As a humanities scholar, what do you think recent political events signal about the shape of American culture?

We expect people around the world to think of democracy as the highest form of human society, but to win that respect, we ourselves need to present it in a more attractive light. If you’re a good arguer, you know how to follow the arguments of others and understand the partial truth of other people’s point of view, then help them to understand your point of view. That’s a fundamental skill. But a dialogue where everyone pretends that there’s no right answer except on their side—it’s just hard to see how that’s going to get us anywhere.



Certainly the biggest financial infusion of late has come from The Duke Endowment’s $80 million commitment to renew Baldwin Auditorium, Page Auditorium, and the West Campus Union. How do you think those projects will affect the student experience?

The West Union, Page, and Baldwin are the core common spaces of this campus, but for many years they’ve looked shabby and haven’t functioned the way they should. This is our chance to turn them into scenes of vibrant communal experience. When we built the Nasher Museum and the Bostock Library, they instantly filled with life. I’m confident we’ll be seeing the same magic with these structures.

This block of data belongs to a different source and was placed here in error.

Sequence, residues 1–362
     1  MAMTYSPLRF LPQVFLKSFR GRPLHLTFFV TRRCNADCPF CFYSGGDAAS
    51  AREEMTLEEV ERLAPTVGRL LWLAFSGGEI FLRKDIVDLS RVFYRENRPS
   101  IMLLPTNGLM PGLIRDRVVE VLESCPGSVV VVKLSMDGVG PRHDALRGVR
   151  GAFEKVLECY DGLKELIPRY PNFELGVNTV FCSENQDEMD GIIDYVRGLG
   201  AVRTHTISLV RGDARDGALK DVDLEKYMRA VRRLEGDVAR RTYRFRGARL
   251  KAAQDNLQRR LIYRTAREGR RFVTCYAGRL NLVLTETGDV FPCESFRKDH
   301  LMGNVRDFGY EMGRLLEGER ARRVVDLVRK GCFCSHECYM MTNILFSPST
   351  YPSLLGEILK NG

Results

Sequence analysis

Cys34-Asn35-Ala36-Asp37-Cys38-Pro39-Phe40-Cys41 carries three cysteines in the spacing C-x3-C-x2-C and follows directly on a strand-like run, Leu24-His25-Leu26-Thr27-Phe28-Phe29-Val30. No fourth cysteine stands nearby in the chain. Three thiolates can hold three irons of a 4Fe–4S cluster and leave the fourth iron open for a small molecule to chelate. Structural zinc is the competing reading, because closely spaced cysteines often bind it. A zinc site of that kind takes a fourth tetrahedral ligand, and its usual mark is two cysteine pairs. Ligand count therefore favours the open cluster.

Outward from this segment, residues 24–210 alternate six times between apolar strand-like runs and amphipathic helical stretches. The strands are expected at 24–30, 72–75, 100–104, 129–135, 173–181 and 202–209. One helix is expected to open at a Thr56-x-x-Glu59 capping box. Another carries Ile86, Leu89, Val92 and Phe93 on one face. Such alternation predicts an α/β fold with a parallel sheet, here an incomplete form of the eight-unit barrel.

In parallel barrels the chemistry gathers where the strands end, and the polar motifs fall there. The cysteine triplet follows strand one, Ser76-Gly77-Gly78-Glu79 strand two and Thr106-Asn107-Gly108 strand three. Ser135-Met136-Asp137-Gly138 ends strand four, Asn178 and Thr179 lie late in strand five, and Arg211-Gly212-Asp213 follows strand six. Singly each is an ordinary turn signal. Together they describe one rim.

UNC, our neighbor down the road, is immersed in a controversy surrounding football. And this week [in early August], a number of university presidents are gathering in Indianapolis to talk about the vitality of the current intercollegiate-sports model. Are you concerned that expectations of football success will put new pressure on Duke’s academic program?

You and I are sitting in the very chairs in which I interviewed [football coach] David Cutcliffe. David Cutcliffe said to me, “I will never come to you to pressure you to lower the admissions expectations for football players.” He said, “The last thing I want is someone on the field whose mind is preoccupied by how poorly they’re doing in their courses.” And indeed, last year the Duke football team had a grade-point average higher than 3.0. Now, I’m looking for this to be the year when Duke has wonderful success on the football field. But it will always be my pride that our players came here for reasons in addition to football.



What did you read over the summer?

Lots of good books! Most recently, Ann Pachett’s novel State of Wonder and Noah Feldman’s Scorpions, the history of the justices brought onto the Supreme Court by FDR. They were brought in to try to create a New Deal majority, but soon thereafter, the issues that came before the court turned out to be totally different from New Deal issues—issues of civil rights, personal privacy, issues that continue to be timely. I must be the last person in the world to have read Angle of Repose, by Wallace Stegner, which I loved. And after flying from Tanzania to Uganda, I re-read the history of the exploration of the sources of the Nile, The White Nile by Alan Moorehead.

This interview was conducted, condensed, and edited by Robert J. Bliwise.